Wednesday, June 24, 2015

2 Wine Tastings, 1 Week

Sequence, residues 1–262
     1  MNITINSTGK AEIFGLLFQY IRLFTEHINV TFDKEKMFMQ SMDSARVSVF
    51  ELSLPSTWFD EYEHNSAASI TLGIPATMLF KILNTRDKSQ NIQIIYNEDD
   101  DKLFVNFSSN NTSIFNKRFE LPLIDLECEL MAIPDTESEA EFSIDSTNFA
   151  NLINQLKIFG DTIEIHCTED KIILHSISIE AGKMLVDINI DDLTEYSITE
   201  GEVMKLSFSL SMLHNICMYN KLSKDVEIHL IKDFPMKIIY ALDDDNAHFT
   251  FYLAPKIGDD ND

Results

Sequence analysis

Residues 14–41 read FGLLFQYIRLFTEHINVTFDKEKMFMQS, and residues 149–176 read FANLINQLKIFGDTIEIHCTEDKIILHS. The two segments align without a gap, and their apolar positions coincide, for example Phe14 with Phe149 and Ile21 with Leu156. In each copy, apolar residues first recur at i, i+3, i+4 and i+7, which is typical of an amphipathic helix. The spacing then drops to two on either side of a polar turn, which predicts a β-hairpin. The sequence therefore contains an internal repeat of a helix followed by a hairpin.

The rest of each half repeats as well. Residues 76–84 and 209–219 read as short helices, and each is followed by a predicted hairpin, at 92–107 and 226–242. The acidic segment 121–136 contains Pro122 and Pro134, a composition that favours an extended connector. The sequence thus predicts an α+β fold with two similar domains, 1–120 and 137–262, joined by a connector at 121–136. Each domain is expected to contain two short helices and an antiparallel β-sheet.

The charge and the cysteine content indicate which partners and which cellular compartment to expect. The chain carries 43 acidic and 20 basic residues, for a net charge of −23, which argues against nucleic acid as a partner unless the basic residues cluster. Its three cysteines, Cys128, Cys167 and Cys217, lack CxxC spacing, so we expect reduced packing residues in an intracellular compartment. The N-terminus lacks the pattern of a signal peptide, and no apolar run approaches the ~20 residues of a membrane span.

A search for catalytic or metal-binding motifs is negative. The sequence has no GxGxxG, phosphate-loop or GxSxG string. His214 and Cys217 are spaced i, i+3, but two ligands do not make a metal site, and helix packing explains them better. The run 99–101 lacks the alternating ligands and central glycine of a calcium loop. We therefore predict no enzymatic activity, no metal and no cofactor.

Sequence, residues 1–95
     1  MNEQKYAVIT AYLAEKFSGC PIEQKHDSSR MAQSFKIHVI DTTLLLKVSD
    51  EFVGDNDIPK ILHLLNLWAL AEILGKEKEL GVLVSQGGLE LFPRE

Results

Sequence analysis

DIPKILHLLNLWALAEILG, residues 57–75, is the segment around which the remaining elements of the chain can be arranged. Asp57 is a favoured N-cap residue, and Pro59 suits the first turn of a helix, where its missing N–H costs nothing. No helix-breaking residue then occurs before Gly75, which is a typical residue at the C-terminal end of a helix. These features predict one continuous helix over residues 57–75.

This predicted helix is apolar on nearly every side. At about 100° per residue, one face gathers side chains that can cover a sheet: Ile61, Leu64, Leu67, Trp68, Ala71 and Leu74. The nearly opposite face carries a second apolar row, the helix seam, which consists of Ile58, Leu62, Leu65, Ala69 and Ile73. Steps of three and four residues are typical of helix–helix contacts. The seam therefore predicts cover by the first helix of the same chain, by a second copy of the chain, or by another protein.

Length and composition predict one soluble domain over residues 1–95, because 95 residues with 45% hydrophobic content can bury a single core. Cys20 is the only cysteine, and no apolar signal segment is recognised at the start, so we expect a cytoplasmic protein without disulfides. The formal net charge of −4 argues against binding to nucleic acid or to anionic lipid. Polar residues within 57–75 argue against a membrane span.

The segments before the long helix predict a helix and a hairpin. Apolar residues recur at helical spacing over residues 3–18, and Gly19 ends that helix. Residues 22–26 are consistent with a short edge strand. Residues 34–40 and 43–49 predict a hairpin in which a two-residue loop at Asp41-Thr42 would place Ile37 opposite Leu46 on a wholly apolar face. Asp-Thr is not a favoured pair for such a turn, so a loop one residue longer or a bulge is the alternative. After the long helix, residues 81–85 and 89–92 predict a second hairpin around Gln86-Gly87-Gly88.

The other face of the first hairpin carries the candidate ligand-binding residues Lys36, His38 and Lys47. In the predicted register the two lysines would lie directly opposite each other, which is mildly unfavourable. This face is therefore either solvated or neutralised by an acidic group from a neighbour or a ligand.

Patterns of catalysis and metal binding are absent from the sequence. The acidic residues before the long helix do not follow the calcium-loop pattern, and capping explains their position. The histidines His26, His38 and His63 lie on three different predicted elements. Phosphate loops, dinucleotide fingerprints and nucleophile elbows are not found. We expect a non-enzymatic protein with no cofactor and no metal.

Within this week, we had the opportunity to visit two wineries. Both experiences were extremely interesting and gave us a very real, in depth look at the wine making and storing processes here in Italy.  The first we visited was the La Pievuccia winery, which was just a thirty-minute walk from our home at Santa Chiara. During this visit, we learned a little bit more about the very early stages of wine making. I was surprised to find that this place was not merely a winery, but acres and acres of beautiful farmland that even included a bed and breakfast. Our guide on the farm explained that the facility was part of an exclusive German bed and breakfast company, which has certain, strict environmental requirements. For example, the company requires that nearly all of the bed and breakfast’s food is a product of their farm (all fresh and organic fruits and vegetables) and that its energy sources are all natural. (The facility utilized solar panels that had the ability to employ thirteen kilowatts.) The farmers utilize a biodynamic method in their farming, which uses different methods to focus primarily on the wellbeing of the plants. This particular farm utilizes a lot of compost in their farming. They also use as little chemicals as possible. For example, when farming their grapes used for wine, they use minimal sulfur and copper spray. This is because if too much of these chemicals are used for cleaning these grapes, the grapes lose some of their best qualities in order to defend themselves. Furthermore, our guide explained that the grapes used for wine are all hand picked and then brought to the wine-making machinery to ferment. The grapes used for white wines are processed without the grape peels, the grapes for red wines are processed with the peels still attached, and rosés are processed with the peels only for about five or six hours. The wines that are supposed to age are stored in wooden barrels and with a cork when finally bottled. The wooden barrels and corks allow oxygen and proper gas exchange for these wines, which aids in the desired aging. The wines that don’t require aging, which are usually the white wines, are stored in metal containers and have a metal cap when bottled, as to not allow oxygen to touch the wine. La Pievuccia makes around twenty thousand bottles of wine yearly, and they bottle all of these in one day! Later on in the week, we visited Cantina Del Redi in Montepulciano. Here, we saw more of the wine storage process rather than the making process. When we arrived, we walked down several stone steps that our guide explained were originally used for horses! This underground area is about nine centuries old and now serves as the perfect wine cellar due to its one hundred percent humidity and constant cool temperatures. The cellar is filled with barrel after barrel, full of wine. The barrels must remain full in order to keep the oak from drying out, and each barrel holds around thirteen thousand bottles of wine. (These barrels must be cleaned out every five years, and they must be replaced after the wood disintegrates over time.) The barrels are made from oak all the way from Croatia, due to the fact that the Italian oak would cause the wine to be too bitter.  These wines are stored for very strategic amounts of time in order to create the perfect taste. Each wine we tried at both locations was absolutely wonderful, and I loved seeing the behind the scenes view of Italy’s world famous wine!


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